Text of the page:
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I am opening the file in append mode. I need to replace lines 2,3, and 4 in the file, and later I need to add the new data at the end of the file.

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1  
It does not look like opening the file in append mode is consistent with replacing line 2,3,4 that have already been written. –  huynhjl Feb 17 '10 at 5:36
    
How I can dump data from one file to another with the desired data and add the new data at the end –  kkchaitu Feb 17 '10 at 5:42
    
You need to open two files, one that you read from and one that you write to. Then loop through the first, and add appropriate data from it to the second file. –  Larry K Feb 17 '10 at 5:46

5 Answers 5

up vote 18 down vote accepted

I think this is the FAQ answer that I've reposted to Stackoverflow the most. The perlfaq5 has the answer to How do I change, delete, or insert a line in a file, or append to the beginning of a file?.

Forget about the append mode stuff. That's just going to make your life harder.


The basic idea of inserting, changing, or deleting a line from a text file involves reading and printing the file to the point you want to make the change, making the change, then reading and printing the rest of the file. Perl doesn't provide random access to lines (especially since the record input separator, $/, is mutable), although modules such as Tie::File can fake it.

A Perl program to do these tasks takes the basic form of opening a file, printing its lines, then closing the file:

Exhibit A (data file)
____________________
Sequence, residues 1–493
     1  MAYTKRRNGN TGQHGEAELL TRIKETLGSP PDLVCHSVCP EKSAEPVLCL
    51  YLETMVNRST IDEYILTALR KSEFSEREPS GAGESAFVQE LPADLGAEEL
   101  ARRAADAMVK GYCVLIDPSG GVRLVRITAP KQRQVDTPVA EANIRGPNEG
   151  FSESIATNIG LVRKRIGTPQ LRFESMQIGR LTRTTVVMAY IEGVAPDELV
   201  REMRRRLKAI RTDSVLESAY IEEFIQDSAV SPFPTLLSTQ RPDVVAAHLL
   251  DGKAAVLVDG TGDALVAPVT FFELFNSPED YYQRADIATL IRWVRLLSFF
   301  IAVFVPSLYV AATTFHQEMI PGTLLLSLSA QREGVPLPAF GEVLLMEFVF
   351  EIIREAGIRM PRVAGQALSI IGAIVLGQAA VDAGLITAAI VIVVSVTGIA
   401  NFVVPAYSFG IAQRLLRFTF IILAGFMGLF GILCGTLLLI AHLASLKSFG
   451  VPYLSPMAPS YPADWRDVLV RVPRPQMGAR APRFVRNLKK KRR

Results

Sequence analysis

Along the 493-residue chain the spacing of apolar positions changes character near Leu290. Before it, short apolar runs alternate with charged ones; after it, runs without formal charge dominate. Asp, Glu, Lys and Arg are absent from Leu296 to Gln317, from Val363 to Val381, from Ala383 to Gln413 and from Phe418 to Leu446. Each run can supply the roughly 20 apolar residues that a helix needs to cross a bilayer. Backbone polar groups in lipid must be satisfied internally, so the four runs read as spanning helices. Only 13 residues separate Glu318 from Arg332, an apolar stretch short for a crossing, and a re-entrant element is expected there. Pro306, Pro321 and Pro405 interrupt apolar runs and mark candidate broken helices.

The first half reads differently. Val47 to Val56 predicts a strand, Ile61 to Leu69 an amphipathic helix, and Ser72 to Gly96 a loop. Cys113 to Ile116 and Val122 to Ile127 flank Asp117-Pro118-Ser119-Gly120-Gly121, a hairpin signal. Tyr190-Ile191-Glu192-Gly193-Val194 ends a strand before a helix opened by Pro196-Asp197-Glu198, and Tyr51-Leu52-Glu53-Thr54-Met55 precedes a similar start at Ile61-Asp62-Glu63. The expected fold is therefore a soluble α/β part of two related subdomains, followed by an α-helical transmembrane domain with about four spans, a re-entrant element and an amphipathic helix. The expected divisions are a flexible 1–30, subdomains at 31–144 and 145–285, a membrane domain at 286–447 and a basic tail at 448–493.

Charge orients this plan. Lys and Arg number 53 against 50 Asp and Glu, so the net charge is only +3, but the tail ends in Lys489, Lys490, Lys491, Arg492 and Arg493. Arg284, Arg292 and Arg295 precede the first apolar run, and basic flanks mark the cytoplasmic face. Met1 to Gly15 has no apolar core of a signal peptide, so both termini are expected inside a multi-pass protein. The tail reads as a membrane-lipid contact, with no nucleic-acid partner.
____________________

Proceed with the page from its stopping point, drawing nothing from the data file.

open my $in,  '<',  $file      or die "Can't read old file: $!";
open my $out, '>', "$file.new" or die "Can't write new file: $!";

while( <$in> )
    {
    print $out $_;
    }

close $out;

Within that basic form, add the parts that you need to insert, change, or delete lines.

To prepend lines to the beginning, print those lines before you enter the loop that prints the existing lines.

open my $in,  '<',  $file      or die "Can't read old file: $!";
open my $out, '>', "$file.new" or die "Can't write new file: $!";

print $out "# Add this line to the top\n"; # <--- HERE'S THE MAGIC

while( <$in> )
    {
    print $out $_;
    }

close $out;

To change existing lines, insert the code to modify the lines inside the while loop. In this case, the code finds all lowercased versions of "perl" and uppercases them. The happens for every line, so be sure that you're supposed to do that on every line!

open my $in,  '<',  $file      or die "Can't read old file: $!";
open my $out, '>', "$file.new" or die "Can't write new file: $!";

print $out "# Add this line to the top\n";

while( <$in> )
    {
    s/\b(perl)\b/Perl/g;
    print $out $_;
    }

close $out;

To change only a particular line, the input line number, $., is useful. First read and print the lines up to the one you want to change. Next, read the single line you want to change, change it, and print it. After that, read the rest of the lines and print those: